Doctor Who books from Telos Publishing to help fill time until the new Time Lord clocks on


It’s a long wait for fans until the Autumn to see how Peter Capaldi will shape up as the new star in Doctor Who.

Will he be grumpy, serious or funny?

Will he like jelly babies or humbugs?

To help fill the time to a new season of adventures on TV, Telos Publishing has a selection of books on the hit show which are sure to satify the cravings of even the most ardent of the good Doctor’s followers.

The Comic Strip Companion: The Unofficial and Unauthorised Guide to Doctor Who Comics 1964-1979 is a mammoth work by Paul Scoones.

A whole generation of children were thrilled by TV Comic back in the Sixties.

It featured the favourites from TV land, and in 1964 it started to feature the Doctor himself, in the grumpy form of his first incarnation William Hartnell.

In atmospheric black and white, then later in colour, the Doctor whisked his grandchildren John and Gillian off in his fantastic Tardis for a series of adventures on alien worlds.

While Hartnell was battling menaces like the Daleks and the Voord on TV, in the comic strip he had to settle for a variety of strange alien enemies like the Kleptons and the Trods.

However when the publishers of TV Comic later got permission to use the Daleks in the strip, by that time pitting them against the regenerated Second Doctor Patrick Troughton, they blazed onto the page in full colour with their immortal screech of ‘Exterminate! Exterminate!’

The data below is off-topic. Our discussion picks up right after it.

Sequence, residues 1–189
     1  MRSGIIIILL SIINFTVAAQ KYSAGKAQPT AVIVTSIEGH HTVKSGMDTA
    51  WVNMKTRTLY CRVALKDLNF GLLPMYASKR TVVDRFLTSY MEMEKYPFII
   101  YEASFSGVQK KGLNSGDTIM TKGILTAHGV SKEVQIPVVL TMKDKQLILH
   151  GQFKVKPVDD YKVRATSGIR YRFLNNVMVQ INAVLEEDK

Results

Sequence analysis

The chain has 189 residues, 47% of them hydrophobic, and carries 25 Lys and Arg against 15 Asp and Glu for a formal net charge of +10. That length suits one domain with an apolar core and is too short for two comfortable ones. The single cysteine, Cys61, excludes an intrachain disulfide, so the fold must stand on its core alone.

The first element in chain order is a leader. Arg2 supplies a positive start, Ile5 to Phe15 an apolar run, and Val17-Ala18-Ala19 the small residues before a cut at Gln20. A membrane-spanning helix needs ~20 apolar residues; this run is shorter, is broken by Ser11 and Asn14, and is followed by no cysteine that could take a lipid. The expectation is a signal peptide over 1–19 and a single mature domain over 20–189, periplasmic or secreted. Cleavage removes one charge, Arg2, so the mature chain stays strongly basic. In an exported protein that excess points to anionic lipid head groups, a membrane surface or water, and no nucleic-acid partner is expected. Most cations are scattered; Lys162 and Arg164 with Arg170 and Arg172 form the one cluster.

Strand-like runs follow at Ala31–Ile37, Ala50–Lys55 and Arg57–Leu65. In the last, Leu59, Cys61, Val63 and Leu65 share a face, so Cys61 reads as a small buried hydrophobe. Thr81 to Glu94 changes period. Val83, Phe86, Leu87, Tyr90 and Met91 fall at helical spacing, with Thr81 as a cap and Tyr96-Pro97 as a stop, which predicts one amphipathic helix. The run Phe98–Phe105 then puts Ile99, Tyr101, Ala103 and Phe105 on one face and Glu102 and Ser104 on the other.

Then came other creatures from the TV show, like the Cybermen and the deadly Quarks.

Even the Doctor’s loyal TV sidekick hairy legged Highlander Jamie made an appearance.

This fascinating book covers all the comic stories up to Tom Baker’s wide eyed persona and is well worth a look.

Fifty on Fifty is a selection of fifty interviews featuring people from both in front of and behind the camera in Doctor Who from 1963 to 2013.

There is Bernard Cribbins, Jeremy Young, who played the show’s first villain, a crazed caveman, and even a couple of Doctors themselves.

From behind the scenes rows to warm anecdotes it is a worthy tribute to what has become a British institution.

The Raymond P Cusick Signature Collection is a picture by picture record of the amazing aliens and worlds created in the Sixties by designer Ray Cusick.

He was the man behind the appearance of the Daleks and their weird home world of Skaro, with its spooky petrified forest and creepy metallic city.

He also came up with a variety of other worlds and beings, including the Brains of Morphoton, plummy voiced disembodied brains kept in jars that hypnotised a whole population.

Cusick eventually became fed up of working at the BBC for little reward (the Daleks had by then become a massive success and a real moneyspinner) and he went to pastures new.

But he left behind a host of haunting memories that fed the dreams of a whole generation.